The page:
By Florine Gingerich
Edmonds School Board members at their meeting last week heard a first reading of the $31.4 million Technology and Capital Improvement Replacement Levy scheduled to go before voters in February 2012. The school board had discussed the proposal extensively at a meeting in June. If approved by voters, the measure would become effective in 2013-2016.
Under the proposal, the amount raised would be the same as that raised under the current capital levy, approved by voters in 2008. The allocation would be changed compared to the current levy, with $2 million now going to technology instead allocated for capital improvements. This will permit faster roof replacement, a priority identified by the Citizen Planning Committee.
The board approved an agreement under which the Public Health District No. 2 will provide over $300,000 per year over the next three years for a before- and after-school program designed to expose students to games and activities consistent with lifetime fitness. At any one time, 600 district students will be enrolled in the nine-week program and participate in activities such as running, walking, tennis, dancing and biking.
The school district and public health district, whose boundaries are almost the same, hope that the program will increase fitness and reduce obesity. The district will measure outcomes so that the program can be modified if needed.
Also at the meeting:
– Assistant Superintendent Ken Limon introduced the board to new administrators, including elementary and middle school principals and a high school assistant principal.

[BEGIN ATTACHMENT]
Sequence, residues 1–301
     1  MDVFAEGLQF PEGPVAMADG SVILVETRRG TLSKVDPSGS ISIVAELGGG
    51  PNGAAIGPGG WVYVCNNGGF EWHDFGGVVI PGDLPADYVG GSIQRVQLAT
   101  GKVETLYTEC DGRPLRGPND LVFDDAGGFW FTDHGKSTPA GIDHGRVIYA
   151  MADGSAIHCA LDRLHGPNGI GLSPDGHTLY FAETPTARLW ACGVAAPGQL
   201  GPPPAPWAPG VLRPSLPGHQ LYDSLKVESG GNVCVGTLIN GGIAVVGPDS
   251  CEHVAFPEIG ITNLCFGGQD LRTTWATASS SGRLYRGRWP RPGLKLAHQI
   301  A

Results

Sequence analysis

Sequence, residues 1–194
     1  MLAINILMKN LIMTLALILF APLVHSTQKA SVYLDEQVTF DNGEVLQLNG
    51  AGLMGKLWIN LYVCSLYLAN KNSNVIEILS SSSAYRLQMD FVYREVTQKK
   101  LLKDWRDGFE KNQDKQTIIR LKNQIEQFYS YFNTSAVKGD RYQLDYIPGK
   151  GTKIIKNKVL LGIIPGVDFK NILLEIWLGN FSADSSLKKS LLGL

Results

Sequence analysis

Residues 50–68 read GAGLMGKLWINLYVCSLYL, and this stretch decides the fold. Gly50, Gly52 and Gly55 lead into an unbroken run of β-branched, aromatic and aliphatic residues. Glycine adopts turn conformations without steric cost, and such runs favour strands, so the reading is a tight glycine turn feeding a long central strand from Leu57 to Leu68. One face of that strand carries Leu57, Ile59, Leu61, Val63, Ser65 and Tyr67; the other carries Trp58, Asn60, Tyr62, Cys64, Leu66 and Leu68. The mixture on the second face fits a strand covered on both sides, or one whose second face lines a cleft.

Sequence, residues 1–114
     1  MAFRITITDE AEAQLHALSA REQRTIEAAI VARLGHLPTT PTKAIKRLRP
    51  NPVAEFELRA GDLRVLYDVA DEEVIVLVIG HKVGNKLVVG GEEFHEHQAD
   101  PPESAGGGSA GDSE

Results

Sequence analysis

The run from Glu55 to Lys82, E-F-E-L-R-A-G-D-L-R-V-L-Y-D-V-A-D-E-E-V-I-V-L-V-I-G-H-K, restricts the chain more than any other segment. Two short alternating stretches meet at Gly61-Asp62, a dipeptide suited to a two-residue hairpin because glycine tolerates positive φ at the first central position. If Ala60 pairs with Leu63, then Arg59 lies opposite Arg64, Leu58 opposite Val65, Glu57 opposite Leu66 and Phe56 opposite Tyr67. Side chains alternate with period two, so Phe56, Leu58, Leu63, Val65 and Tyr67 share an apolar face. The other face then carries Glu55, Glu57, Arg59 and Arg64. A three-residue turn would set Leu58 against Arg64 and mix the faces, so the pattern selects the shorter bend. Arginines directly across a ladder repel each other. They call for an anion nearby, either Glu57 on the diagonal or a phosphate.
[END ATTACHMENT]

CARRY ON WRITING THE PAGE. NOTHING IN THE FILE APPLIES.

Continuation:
-Debby Carter, executive director for human resources, and Brian Furby, Citizen Planning Committee Chair, asked board members to consider attending both the initial meeting of the committee, to show board support, but to also attend other meetings, perhaps on a rotating. Carter and Furby also sought input from the board about the committee’s work this year on English Language Learning, which has been expanded to include more schools this year. Board Member Gary Noble said he hopes for a before-and-after picture of the program, comparing last year to this in such areas as how many ELL classes are taught and how successful such classes are in preparing ELL students for mainstream classes. Susan Phillips suggested that the committee’s analysis should include how the program might change in the future if this population continues to grow, and Susan Paine said she would like information about optimal class size.
My Edmonds New school board contributor Florine Gingerich has a son who attended Edmonds public schools, where she volunteered in roles ranging from pouring juice in kindergarten at Madrona K-8 to serving as president of the Edmonds-Woodway Music Boosters. With her husband, Doug Purcell, she practices law at Purcell & Adams, PLLC, a South County firm emphasizing business law, real estate and estate planning. Visit them at purcelladams.com, or contact her at firstname.lastname@example.org.